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Bentivenga: Divisional Offseason Recap – New York Rangers

The IslesBlog team’s overview on the New York Islanders’ seven Metropolitan Division opponents continues, and today we’re taking a look at the Isles’ cross-town rivals: the New York Rangers. There’s a lot to unpack here, so let’s get into it.

The Rangers are looking pretty different from the team we saw last season. In what could be looked at as their biggest addition of the offseason, the Rangers signed Gerard Gallant as the 36th head coach in franchise history. Gallant, coming off a gold medal with Team Canada at the 2021 IIHF World Championships, was pretty high on the Rangers’ list of head coaches after relieving David Quinn of his coaching duties, and for good reason. He led the Florida Panthers to an Atlantic Division title back in 2015-16, although their playoff run lasted only six games (in a playoff series most of you should be familiar with…). He also brought the upstart Vegas Golden Knights to the top spot in the Pacific Division in 2017-18 and led the newest franchise in the NHL (at the time) to the Stanley Cup Final. Oh, and he also won the Jack Adams that same season as the league’s top bench boss… so yeah, the Rangers got themselves quite the coach. Rangers GM Chris Drury certainly agrees, saying “At the start of this process, I was looking for a coach with a proven track record and success at several levels. Turk (Gallant) checked all of those boxes.”

The Rangers also made some significant changes to their on-ice personnel heading into 2021-22. Ownership and management alike wanted to address one thing in particular for the Blueshirts this offseason: they wanted to get tougher. Let’s start out with the additions through the trade market first, with the first addition being a familiar foe to the Islanders. The first domino that fell proved to be the Rangers acquiring the rights to unrestricted free agent (UFA) forward Barclay Goodrow from the Tampa Bay Lightning, and immediately signing him to a lucrative six-year, $21.85 million contract just days after the initial trade. There were other moves to come as well, as the Rangers acquired gritty forward Sammy Blais and a second-round pick in 2022 from the St. Louis Blues, as well as making another move for noted enforcer Ryan Reaves from the Vegas Golden Knights for a third-rounder in ‘22 (who they also extended through the end of the 2022-23 season).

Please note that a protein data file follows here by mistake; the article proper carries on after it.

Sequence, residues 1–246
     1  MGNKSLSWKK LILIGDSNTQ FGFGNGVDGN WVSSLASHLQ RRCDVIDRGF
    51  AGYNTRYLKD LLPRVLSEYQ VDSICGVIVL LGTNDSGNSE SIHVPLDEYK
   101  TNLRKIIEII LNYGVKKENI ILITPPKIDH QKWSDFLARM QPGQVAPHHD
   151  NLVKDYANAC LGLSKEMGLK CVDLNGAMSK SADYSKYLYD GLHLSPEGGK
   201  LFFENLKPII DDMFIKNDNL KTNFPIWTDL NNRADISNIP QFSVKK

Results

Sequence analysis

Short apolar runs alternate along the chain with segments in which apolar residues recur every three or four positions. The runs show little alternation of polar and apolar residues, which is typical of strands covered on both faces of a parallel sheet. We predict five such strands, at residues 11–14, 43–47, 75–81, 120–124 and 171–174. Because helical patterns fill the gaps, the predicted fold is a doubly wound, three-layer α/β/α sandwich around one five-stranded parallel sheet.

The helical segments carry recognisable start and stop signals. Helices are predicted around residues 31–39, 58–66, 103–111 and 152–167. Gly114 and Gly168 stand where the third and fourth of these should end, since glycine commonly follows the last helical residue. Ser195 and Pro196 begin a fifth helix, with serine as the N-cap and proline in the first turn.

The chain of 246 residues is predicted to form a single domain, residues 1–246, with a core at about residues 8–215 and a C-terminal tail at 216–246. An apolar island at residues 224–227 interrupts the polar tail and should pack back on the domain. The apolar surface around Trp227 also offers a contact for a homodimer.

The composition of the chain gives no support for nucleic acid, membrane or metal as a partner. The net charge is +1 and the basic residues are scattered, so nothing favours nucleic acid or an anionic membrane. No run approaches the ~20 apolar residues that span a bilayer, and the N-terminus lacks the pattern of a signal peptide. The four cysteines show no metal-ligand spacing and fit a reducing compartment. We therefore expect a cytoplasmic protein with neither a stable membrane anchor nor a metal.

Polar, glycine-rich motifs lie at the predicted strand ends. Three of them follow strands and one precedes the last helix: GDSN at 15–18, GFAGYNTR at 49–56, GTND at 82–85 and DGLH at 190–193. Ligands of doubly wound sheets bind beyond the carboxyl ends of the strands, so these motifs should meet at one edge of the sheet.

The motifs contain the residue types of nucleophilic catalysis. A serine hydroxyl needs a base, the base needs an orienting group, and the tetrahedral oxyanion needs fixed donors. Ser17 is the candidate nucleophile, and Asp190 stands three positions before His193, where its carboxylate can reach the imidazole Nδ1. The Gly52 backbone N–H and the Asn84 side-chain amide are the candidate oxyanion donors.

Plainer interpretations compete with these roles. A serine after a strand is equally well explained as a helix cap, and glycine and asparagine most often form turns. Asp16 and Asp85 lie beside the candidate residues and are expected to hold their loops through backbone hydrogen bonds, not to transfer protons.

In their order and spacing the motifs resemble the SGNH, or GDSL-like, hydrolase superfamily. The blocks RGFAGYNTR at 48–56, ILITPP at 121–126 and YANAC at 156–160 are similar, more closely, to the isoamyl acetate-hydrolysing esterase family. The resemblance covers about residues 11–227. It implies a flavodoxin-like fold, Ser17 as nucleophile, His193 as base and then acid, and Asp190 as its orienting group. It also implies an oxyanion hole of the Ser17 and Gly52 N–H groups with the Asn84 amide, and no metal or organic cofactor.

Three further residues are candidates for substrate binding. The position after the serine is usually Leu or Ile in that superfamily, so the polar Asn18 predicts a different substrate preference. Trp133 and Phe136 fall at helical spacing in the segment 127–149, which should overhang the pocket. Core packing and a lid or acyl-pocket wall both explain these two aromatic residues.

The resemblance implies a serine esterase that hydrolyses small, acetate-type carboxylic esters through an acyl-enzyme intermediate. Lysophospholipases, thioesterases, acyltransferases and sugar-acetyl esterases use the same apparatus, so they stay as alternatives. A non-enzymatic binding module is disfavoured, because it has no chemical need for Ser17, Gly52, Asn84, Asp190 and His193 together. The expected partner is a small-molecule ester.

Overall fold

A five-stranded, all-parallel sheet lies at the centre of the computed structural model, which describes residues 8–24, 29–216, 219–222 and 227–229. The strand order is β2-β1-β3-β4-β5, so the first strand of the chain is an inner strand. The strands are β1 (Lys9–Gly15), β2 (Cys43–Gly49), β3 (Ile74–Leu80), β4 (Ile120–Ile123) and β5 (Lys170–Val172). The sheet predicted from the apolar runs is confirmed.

The biggest downside of this flurry of trades was the fact that getting Blais and the second-rounder from the Blues cost the Rangers a top-six forward in Pavel Buchnevich, coming off a career year in which he potted 20 goals and set a new career-high with 48 points in 54 games. A lot of fans will argue that Buchnevich, an RFA (restricted free agent) at the time of the trade, was expendable with the idea of filling that top-six slot with young guns like Alexis Lafreniere, Kaapo Kakko, or Vitali Kravtsov. While that might be true, as of now the return for Buchnevich seems rather underwhelming to say the least. I guess we’ll have to wait and see, but just to put this into perspective: Buchnevich nearly had as many goals this season alone (20 goals in 54 games) as Blais has points in his career (35 points in 119 games). It’s a bit of a sizable margin, but I’m sure you can understand what I’m trying to say here.

Read More – Greenberg: Divisional Offseason Recap – Pittsburgh Penguins

The Rangers were active on the free-agent market as well. They brought in two UFA defensemen in Patrik Nemeth and Jarred Tinordi, and brought back a familiar face in bottom-six forward Greg McKegg. McKegg adds to the plethora of physicality in the bottom six, while Nemeth and Tinordi bring a physical veteran presence to a young defense corps. They’ll also be good mentors to players like Zac Jones and Nils Lundkvist, both of whom look to crack a spot on the blue line and establish themselves as full-time NHLers.

So we now know all the moves made by the Rangers this offseason, and ultimately it begs the question: how do these moves affect the Islanders? Well, starting with the hiring of Gallant, this shows the Rangers are serious about making the jump and qualifying for the playoffs. Whether or not this will be the season they take that next step remains to be seen, but Gallant will have the Rangers playing with structure and discipline as they attempt to get back into the postseason. As for the on-ice moves, this rivalry could be taken to the next level very soon. The Rangers, a team previously built on talent and finesse, now have the physicality that can push back when needed. They finally have a trio that can match the intensity of a line like the Identity Line and put up a fight. Speaking of fights, it’s nearly impossible to not get excited thinking about the sparks flying when the newly acquired Reaves squares off with a fellow heavyweight in Matt Martin, or even a guy like Ross Johnston (considering those two actually went at it back in 2020 when Reaves was still a Golden Knight). Hold on to your hats, folks… the battle of New York is going to get spicy.

Follow Carter on Twitter @cbentivenga14

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